I thought I’d carry on the theme of the cloud from last week. In his fantastic interview for the Paperless Document Organization Guide, entrepreneur Kyle Durand mentioned that his team uses Box.net extensively, and part of the reason is because of the access controls that it provides.
I have heard lately that quite a few businesses are using Box.net, so I decided to dig into their site a bit. It appears that they’ve carved out quite a niche for themselves in the business collaboration space.
Collaboration & Integration Features
Box lets you set up a folder structure of your choosing. While normally a web-based service, you can use Box sync to sync those files down to your desktop.
In the online workspace, you can invite others to view your files and then they can leave comments. You can also track versions of a file; a feature that anyone who has shared a document amongst a team will appreciate.
You can view the files right in the browser, you don’t need to download them to your computer.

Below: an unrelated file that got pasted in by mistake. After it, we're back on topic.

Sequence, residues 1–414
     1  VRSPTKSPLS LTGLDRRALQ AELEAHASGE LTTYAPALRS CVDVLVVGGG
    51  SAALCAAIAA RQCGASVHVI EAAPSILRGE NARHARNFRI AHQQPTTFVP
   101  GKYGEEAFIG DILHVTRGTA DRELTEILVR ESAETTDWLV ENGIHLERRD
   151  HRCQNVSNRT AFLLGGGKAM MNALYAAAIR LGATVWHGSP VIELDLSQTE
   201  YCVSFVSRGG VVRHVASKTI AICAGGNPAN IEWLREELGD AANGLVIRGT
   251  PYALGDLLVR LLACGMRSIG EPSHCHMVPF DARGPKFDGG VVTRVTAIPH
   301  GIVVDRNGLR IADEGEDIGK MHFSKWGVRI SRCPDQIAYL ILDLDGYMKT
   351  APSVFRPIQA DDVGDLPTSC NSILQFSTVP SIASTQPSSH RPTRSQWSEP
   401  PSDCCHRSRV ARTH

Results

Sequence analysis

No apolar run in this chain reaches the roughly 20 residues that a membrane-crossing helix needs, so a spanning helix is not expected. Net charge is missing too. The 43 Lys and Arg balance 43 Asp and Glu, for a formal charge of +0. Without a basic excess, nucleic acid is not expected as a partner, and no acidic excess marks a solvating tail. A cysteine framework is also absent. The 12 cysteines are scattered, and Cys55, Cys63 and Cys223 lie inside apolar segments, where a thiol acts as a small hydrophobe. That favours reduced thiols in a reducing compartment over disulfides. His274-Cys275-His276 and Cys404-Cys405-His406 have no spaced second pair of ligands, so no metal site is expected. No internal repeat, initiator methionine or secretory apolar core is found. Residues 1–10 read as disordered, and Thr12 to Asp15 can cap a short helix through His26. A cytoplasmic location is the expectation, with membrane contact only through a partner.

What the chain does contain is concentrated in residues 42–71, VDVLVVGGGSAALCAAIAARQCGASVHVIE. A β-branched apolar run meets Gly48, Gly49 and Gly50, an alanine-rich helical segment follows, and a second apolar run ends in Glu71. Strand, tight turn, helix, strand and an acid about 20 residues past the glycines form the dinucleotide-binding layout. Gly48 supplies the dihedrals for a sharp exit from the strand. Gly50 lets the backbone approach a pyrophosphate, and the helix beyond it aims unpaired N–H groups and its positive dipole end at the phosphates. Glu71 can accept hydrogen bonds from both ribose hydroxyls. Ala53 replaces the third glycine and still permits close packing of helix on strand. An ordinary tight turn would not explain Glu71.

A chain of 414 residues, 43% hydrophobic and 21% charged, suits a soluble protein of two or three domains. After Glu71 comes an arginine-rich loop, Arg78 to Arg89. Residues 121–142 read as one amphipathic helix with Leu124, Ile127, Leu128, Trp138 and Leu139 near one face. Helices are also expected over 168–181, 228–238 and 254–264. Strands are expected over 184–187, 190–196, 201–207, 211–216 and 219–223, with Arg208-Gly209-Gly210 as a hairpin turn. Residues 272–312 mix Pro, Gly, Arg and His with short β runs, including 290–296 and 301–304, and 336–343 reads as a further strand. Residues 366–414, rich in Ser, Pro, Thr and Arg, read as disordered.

If you want, you can receive email updates when your document has been viewed – you don’t need to wonder if the recipient has received it like with email.
As mentioned, one of the key reasons that many businesses use Box is their access controls.
You can create groups of users and then control which folders or files that each user and/or group can access.
There are a variety of controls from viewing to editing to uploading and others, and you can control which users can grant which permissions.
For files & folders, you can set passwords and then set expiration dates for the sharing, so you could say user x can only access a file for a week.
If you’re working with clients, you can add or remove access to data to external users as well.
Box has a security page in which they outline their security policies. One thing that I noticed is that data is encrypted on the server only for Enterprise customers, so that is something to be aware of.
All-in-all, Box.net looks like a pretty good solution for business users needing collaboration features. The price ranges from a free plan to a $15/user/month plan to a “call for details” Enterprise plan.
Do you have any experience using Box.net or a similar service? What do you think?